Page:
First and second readings were given to amend Cranbrook’s Official Community Plan to update a neighbourhood plan in the Wildstone area at Monday night’s city council meeting.
The proposed neighbourhood plan will result in a project that isn’t encumbered by existing phasing requirements that were put in place before the real estate downturn in 2008.
Elements of the existing plan have also been modified to reflect the current vision for the project, which is to reduce the commercial component and complete removal of a second planned golf course.
Eric Sharpe, Director of Engineering and Development, gave an update to council on the plan during the meeting, noting that Wildstone is being broken up into two neighbourhood areas—the area immediately surrounding the golf course, with the other area being parcels of land adjacent to Moir Park which is known as the ‘Highlands’.
“A number of years ago, the development had started under one ownership group and the current OCP had a phasing established for the development—phases 1-11—and there was a requirement that a certain percentage of dwelling units would have to be developed before you could move to the next phase,” said Sharpe. “Currently, that just isn’t feasible anymore now that the lands kind of broken up and there’s multiple owners.”
The project is being split up into four major blocks for development—Block A, B, C, and D.
Block A consist of development completed prior to Dec. 31, 2014 at the golf course. Block B includes development pods within the golf course that is currently serviced with water and sewer.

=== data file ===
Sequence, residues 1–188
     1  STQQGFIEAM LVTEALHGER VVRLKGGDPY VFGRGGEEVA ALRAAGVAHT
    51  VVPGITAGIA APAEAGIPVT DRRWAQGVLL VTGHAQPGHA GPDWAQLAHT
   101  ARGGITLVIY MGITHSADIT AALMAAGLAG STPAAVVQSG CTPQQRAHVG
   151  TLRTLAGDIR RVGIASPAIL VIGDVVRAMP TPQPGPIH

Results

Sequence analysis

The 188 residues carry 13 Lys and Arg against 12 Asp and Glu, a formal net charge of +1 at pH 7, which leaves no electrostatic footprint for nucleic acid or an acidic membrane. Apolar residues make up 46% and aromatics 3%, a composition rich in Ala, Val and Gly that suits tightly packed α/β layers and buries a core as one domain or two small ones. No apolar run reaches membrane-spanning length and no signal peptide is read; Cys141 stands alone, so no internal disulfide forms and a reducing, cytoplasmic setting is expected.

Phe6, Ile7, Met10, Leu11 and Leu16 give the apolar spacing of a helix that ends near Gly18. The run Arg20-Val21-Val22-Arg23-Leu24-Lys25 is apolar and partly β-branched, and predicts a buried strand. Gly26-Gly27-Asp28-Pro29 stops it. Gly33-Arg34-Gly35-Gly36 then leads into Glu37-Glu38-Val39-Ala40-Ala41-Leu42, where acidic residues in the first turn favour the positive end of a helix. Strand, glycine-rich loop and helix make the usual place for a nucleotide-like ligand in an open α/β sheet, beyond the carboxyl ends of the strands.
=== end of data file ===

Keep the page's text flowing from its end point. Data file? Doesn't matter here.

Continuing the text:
Block C includes land immediately north of the golf course, while Block D includes lands adjacent to Highway 95A and Echo Field Road.
Development of each block will proceed on the progress of preceding blocks. For example, Development of Block C will only proceed once there is substantial development of Block B.
Sharpe elaborated on divvying up the area into the two Wildstone and Highland neighbourhoods.
“With a change in the vision of removing that second golf course, that significantly changed the whole vision of the development,” said Sharpe. “Now we have some policy direction and guidance for the Highlands area, it’s going to be treated separately from the Wildstone core, which now consists of the golf course and the residential development pods.”
Inside the blocks are development pods, which have a specific minimum and maximum dwelling unit density attributed to ensure a certain level of development will occur on each given pod.
“The one pod we’re particularly looking forward to moving with, it’s now designated single family cluster, so it will actually allow the developers to throw in a mix of housing, whether as before it was pretty much going to be single family, now they’re looking at different forms of housing,” said Sharpe. “It’ll bring some unique density to the area and unique forms of housing.”
The proposed OCP amendment will be referred to the Advisory Planning Commission and proceed to a public hearing for Feb. 1, 2016.